Scientists at the University of Michigan have teamed up with the Air Force to create a superomniphobic material coating that repels, well, pretty much everything. The research was published in the Journal of the American Chemical Society, on January 16, 2013.
Spill a glass of wine, a spatter of oil, a slosh of hydrochloric acid and emerge stain- and chemical-free. “Virtually any liquid you throw on [the surface] bounces right off without wetting it,” said lead researcher Anish Tuteja to the University of Michigan press
The key to the resistant coating is its hierarchical structure which effectively lifts the spilled liquid away from the surface, repelling liquid aimed from any angle.
A hierarchical structure is one in which there are multiple layers of structural organization that span several length scales. For example, a net of strings in which each strand is itself made of a net of smaller strings is a hierarchical structure.
The coating is made of tiny spherical plastic particles called PDMS mixed with other nanoscale cubes created by the Air Force of carbon, fluorine, silicon, and oxygen. In a process called electrospinning, the scientists applied a voltage to the liquid coating as they spun it evenly across a metal surface. Through the slight charge separation caused by the voltage potential difference, the coating forms microscopic cross-links like a mesh web. Over 95 percent of the coating is actually air pockets, Tuteja explained. This hierarchical structure-within-a-structure drastically reduces the intermolecular Van der Waals forces that usually attract liquids to surfaces.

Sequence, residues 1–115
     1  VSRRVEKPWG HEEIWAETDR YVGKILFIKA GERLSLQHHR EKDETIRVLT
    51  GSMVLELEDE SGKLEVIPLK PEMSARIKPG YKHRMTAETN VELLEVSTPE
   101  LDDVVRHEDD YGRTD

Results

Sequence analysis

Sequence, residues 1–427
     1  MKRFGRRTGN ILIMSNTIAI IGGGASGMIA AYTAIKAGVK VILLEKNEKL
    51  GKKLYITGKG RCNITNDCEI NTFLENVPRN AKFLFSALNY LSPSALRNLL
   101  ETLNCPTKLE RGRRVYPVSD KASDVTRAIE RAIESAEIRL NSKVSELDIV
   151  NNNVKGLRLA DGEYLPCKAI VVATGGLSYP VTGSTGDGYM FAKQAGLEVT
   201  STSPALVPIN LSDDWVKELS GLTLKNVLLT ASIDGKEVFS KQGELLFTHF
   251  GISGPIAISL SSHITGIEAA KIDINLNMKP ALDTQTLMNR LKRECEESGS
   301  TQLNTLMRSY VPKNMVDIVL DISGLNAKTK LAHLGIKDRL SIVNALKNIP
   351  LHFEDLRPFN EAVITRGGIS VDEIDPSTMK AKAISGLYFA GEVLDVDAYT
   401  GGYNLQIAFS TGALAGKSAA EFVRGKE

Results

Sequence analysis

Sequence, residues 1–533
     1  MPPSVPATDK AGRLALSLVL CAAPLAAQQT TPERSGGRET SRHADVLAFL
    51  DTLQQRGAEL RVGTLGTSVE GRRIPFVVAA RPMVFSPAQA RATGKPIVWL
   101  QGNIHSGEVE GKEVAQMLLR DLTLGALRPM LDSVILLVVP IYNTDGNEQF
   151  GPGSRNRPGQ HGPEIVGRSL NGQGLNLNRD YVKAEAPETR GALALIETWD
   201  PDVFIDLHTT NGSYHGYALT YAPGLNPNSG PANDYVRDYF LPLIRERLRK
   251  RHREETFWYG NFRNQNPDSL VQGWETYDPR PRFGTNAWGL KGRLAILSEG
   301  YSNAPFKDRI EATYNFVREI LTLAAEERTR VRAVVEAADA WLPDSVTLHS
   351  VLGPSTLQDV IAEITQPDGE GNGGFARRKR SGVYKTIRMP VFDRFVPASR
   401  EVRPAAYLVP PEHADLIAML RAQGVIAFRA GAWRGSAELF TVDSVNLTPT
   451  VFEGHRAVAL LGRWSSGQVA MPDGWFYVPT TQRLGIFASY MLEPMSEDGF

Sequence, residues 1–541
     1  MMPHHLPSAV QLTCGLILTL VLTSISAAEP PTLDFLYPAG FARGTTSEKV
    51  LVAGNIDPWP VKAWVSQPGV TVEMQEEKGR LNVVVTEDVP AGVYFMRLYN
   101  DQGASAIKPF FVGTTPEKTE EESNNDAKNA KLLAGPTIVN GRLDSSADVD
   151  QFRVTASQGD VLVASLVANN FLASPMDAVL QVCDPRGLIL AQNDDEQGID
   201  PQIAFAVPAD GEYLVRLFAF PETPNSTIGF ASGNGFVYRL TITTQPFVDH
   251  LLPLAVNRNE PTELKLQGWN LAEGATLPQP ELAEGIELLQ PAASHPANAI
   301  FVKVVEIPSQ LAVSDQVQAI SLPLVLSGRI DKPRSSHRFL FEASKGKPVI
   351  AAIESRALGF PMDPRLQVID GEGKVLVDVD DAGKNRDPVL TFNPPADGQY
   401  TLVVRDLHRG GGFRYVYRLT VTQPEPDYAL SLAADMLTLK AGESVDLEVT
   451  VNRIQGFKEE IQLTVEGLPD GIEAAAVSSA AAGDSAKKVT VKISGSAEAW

“Normally, when two materials get close, they imbue a small positive or negative charge on each other, and as soon as the liquid comes in contact with the solid surface it will start to spread,” he said.
With the coating, the intermolecular forces between the liquid ends up being stronger than the interaction between the liquid and the coating: stain avoided.
To test their coating, the team studied over 100 organic, inorganic, acids, bases and solvent liquids including coffee, vegetable oil, sulfuric acid, hydrochloric acid, gasoline, and several alcohols. Only two kinds of liquids, both chlorofluorocarbons, stuck. The coating even worked for non-newtonian fluids– liquids that change viscosity depending on the forces applied to them.
The researchers hope the coating can be applied to develop protective clothing for the military and scientists, and biofouling and corrosion resistant surfaces.